F-Zero GX. Fast. Brutal. Amazing.

F-Zero GX released for the GameCube back in 2003 and brought a sense of speed that the GameCube had never seen before and that it would never see again. Developed by Amusement Vision (Sega), F-Zero GX is absolutely everything the series has always tried to be since it made its debut on the Super Nintendo. The tracks are well designed, the sense of speed is unmatched, the AI is ultra competitive, the graphics and sound are top notch, and the controls are tight and responsive. In my honest opinion, I don’t think there’s a better futuristic racer available anywhere.

So what made F-Zero GX so good? Was it just a case of the GameCube starving for a good racing experience? Before writing up this post I went back and put a couple of hours into the game to make sure I wasn’t viewing it through nostalgia goggles. After being humbled quite heavily by the computer for the first 20 minutes or so, I got my touch back and I started doing well and before I knew it I had invested the majority of my evening into the game.  In fact, it confirmed my opinion that the title is still tops in its genre; bettering even more recent titles such as WipEout HD.

The game sold well enough to be profitable, but it was in no way a big hit. Miyamoto went as far as to call the performance disappointing, but those that game the game a chance were quite happy with overall experience. In the end, Sega and Nintendo gave gamers a present that is definitely worth revisiting from time to time. I don’t know of any plans, but it would be fantastic to see this franchise get some sort of revitalization. To me, the 3DS is a no-brainer for an F-Zero game, but I’ll take it wherever I can get it at this point.

If you’ve never played F-Zero GX, you can pick it up used for under $10 online with shipping included, so there’s no excuse to not give the game a try. Be warned, however, the game is brutally difficult on harder difficulties and will take some commitment to mastery. Don’t blame me for any broken Wavebirds…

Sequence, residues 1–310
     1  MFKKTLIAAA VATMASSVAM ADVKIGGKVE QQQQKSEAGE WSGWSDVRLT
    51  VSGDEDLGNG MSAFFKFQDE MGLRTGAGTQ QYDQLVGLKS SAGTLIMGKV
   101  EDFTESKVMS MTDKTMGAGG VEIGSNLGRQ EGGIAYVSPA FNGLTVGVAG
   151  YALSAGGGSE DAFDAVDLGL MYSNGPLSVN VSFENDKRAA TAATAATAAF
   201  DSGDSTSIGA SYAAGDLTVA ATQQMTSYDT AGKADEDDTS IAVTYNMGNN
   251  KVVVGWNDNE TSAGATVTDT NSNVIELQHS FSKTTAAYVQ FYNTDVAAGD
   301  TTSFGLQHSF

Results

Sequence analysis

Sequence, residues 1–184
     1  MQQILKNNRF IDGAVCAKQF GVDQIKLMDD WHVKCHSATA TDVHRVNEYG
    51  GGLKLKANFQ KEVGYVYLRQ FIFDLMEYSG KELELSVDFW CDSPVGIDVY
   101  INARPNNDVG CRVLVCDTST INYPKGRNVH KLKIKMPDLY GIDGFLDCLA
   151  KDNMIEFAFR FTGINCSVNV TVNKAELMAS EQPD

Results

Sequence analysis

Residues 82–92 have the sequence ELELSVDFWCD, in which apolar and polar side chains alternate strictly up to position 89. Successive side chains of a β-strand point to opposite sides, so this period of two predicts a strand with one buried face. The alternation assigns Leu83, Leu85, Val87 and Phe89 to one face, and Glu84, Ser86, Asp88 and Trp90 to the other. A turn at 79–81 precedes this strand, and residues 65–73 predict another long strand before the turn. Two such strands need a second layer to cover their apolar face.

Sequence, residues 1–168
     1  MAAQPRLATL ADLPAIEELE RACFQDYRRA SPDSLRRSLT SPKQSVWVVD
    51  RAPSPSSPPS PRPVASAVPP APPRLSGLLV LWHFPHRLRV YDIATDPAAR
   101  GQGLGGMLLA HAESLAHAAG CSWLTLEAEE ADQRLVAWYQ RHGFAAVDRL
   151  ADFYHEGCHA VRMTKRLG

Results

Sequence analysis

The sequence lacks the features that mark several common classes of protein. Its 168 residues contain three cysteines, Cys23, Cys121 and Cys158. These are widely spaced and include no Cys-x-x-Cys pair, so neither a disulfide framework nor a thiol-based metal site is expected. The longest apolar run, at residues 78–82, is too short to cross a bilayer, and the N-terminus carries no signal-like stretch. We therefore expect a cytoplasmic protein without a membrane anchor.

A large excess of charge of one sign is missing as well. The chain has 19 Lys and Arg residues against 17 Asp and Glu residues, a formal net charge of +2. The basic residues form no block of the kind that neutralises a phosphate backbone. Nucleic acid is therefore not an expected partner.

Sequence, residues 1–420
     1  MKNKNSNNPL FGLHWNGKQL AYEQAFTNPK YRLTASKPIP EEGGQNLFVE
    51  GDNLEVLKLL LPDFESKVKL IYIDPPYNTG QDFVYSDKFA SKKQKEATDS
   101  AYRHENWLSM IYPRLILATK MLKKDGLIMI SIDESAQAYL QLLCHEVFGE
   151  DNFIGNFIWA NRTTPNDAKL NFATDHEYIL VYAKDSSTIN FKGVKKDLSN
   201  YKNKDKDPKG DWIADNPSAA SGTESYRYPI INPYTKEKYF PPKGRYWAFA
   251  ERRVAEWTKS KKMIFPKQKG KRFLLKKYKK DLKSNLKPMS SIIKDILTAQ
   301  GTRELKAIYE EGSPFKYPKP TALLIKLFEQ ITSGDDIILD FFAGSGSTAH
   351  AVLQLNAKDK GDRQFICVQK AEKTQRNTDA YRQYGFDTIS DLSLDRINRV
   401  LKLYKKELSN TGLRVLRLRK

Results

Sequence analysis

For these reasons, F-Zero GX is the Best. Game. Ever.

The Stupid Gamer Podcast #47

Back from Alaska, I’m back and ready to get rolling on the podcast once more. Joined by Brad we discuss the news of the past week, including the successful hacking of the PS3 by a group of, well, hackers. Other topics include BioShock Infinite, Metroid Other M’s trailer, what we’ve been playing, and other things of questionable quality. Enjoy!

Full Rock Band 3 setlist revealed

While it has been available online for a few days now, Harmonix finally officially unveiled the full Rock Band 3 setlist. Keep in mind that Rock Band 3 supports both keyboard support and 3 part vocals as you look over the tracks. After Rock Band 2 I was feeling the music game genre burnout, but Rock Band 3 has me excited once more with its Pro Mode and keyboard. Here’s the full list of songs.

2000s
  • Amy Winehouse, “Rehab”
  • At the Drive-In, “One Armed Scissor”
  • Avenged Sevenfold, “The Beast & the Harlot”